Meeting and event planning is a highly stressful, fast-paced occupation. No part of the process is easy. But in order to really understand it, the ebbs and flows must be examined. Be forewarned, though—you might feel your shoulders tense just from reading about the frenzy.
When does crunch time begin? The general rule of thumb is there is an eight-week time frame for a small event (200–400 attendees), around a four-month frame for a medium-size event (400–800) and six months to a year for a large-scale event (800 or more). Here is a small-scale example.
1. Build a Blueprint
Time frame: eight weeks prior to event
Stress level: ???
Incoming—you’ve got a meeting or an event to plan! It’s time to jump right in, because the race against your calendar has begun. The amount of items you’ll be juggling becomes clear at this point. And you’ll find yourself compelled to answer the most crucial, fundamental questions: why and how.
It’s also time to set up those goals and objectives, identify your attendees and draw up a budget. It’ll be busy, but least the stress-o-meter isn’t too high yet; it’s more about big pictures, lists and plenty of excel sheets.
2. Make It Sparkle
Time frame: six to seven weeks prior to event
Stress level: ??
This is perhaps the most fun and creative part. It’s time to embody your inner artist for the relentless pursuit of inspiration. Flipping through options and forming a general itinerary will pump up the serotonin. You’ll also conjure up ways to truly stand out and align your vision with the client’s. It’s early enough that no major problems have reared their ugly head yet. But don’t get lost in the daydream.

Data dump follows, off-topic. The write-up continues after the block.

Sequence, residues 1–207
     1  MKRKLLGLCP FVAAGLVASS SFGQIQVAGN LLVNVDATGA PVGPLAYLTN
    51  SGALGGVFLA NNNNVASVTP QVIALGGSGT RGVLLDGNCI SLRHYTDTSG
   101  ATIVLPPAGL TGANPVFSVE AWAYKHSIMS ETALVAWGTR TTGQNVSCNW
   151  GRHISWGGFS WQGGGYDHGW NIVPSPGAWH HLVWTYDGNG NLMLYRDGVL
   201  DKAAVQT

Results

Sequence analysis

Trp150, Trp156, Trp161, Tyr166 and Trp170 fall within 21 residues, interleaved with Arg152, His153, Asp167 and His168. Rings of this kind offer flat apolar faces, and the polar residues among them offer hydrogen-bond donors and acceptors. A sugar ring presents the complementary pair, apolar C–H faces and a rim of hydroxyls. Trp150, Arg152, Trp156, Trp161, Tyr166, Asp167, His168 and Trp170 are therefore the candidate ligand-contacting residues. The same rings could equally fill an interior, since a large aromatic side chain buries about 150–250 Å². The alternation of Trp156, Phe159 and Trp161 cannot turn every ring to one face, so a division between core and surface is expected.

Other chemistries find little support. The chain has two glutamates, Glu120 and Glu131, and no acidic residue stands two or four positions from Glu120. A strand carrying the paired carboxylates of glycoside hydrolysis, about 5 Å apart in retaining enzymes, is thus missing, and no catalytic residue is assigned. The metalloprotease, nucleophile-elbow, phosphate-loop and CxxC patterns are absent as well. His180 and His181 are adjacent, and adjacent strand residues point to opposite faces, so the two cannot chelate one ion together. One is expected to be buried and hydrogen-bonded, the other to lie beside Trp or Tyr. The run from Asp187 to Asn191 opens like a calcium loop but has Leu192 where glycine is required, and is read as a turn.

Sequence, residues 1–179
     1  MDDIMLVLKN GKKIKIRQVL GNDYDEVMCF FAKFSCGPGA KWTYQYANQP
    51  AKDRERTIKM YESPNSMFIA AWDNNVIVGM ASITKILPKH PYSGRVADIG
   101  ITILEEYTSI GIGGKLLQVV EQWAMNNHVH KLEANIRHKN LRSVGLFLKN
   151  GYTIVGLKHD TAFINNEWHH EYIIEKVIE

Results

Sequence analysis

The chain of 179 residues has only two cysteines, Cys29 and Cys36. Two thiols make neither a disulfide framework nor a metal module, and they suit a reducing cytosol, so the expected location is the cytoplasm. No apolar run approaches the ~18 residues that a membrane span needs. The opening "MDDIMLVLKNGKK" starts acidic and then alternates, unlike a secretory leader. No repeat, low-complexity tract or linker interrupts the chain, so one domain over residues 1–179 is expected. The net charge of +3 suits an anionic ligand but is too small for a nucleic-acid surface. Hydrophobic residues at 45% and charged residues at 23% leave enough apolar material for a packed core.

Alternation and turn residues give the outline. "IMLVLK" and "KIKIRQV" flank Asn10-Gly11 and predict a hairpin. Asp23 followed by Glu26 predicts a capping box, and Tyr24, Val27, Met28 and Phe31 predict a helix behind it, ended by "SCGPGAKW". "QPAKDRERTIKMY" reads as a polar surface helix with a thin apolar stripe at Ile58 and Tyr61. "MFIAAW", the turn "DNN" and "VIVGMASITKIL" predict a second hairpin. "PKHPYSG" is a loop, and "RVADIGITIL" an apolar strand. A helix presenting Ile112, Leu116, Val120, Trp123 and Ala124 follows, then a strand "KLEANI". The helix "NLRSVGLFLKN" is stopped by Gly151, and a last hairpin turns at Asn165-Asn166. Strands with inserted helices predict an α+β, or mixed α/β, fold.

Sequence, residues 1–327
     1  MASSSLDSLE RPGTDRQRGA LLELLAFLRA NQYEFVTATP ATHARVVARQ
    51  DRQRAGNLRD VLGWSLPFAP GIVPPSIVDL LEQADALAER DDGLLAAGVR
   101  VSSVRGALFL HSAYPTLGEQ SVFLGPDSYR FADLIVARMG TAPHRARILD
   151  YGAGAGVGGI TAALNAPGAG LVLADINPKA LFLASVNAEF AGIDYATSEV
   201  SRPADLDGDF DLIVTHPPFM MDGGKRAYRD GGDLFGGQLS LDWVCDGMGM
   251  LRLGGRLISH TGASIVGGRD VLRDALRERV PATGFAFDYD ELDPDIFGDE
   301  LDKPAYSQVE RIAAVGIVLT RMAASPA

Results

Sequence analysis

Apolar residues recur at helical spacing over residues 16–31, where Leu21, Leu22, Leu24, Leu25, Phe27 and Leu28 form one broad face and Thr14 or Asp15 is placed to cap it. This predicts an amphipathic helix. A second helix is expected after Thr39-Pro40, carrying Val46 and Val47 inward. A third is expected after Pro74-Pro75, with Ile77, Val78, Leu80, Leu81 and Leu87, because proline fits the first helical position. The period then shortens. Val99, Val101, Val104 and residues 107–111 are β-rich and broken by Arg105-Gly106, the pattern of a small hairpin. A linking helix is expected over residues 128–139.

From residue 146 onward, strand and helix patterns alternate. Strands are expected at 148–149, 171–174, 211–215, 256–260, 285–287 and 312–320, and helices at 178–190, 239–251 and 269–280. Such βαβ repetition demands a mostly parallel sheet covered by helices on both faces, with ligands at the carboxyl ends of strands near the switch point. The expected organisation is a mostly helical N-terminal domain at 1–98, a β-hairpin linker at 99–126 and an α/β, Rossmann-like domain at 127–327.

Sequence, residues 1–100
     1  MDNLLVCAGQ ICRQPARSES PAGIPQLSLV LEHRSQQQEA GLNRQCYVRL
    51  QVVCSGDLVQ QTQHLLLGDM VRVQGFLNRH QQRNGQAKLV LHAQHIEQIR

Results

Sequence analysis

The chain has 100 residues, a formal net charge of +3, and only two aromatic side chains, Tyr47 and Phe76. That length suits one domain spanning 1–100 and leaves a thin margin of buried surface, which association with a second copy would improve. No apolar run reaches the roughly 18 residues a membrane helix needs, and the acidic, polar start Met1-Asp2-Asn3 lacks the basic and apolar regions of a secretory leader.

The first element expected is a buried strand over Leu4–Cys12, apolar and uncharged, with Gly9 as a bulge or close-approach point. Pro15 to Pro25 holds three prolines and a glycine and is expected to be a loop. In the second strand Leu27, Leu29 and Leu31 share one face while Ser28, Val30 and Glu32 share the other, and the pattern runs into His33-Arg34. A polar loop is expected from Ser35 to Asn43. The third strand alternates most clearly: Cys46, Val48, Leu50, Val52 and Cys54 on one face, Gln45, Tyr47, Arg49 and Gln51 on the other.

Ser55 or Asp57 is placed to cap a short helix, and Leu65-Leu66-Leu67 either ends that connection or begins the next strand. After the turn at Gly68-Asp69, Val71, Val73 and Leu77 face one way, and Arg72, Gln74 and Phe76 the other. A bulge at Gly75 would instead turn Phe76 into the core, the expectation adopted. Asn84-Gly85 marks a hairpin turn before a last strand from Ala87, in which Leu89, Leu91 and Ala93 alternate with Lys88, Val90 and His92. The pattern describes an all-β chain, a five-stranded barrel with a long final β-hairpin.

3. Get Down to the Nitty-Gritty
Time frame: four to six weeks prior to event
Stress level: ????
It’s time to buckle down and crank out the details. Timeline, budget, specific venue, caterer, schedule, speakers, entertainment, risk management, marketing and promotion should be moving along. Specific goals and timelines need to be drawn up—and met. Right now, your hands are tied and your crazy busy. The last thing you want is to hear even a peep from the client.
Exactly how will you manage the balancing act? Cue the event binder.
4. Cover Your Bases
Time frame: one to four weeks prior to event
Stress level: ?????
Try not to let the stress entirely consume you. No matter how much you prepared, time seems to be slipping away, fast. It all needs to be wrapped up, but a 24-hour day no longer feels sufficient. Production coordination, contracts, logistics, personnel and a detailed site plan are expected to be tweaked to perfection—but we all know that can never be done.
Aren’t you glad you made a plan B? If you made a plan C, you’ll be even happier. Kudos to any planner rock stars who find time to sleep, eat and stay calm during this time.
5. Reflect and Evaluate
Time frame: one to two weeks after event
Stress level: ?
Ah, take a deep breath, the storm has passed. However, in a big way, the cycle still lingers through this stage. Fortunately, it’s the least stressful of all. You’re tasked with collecting feedback from both your client and attendees. Also, take some quality time to review your performance and end product. You’re gearing up for the next battle, and it will probably arrive sooner than you think!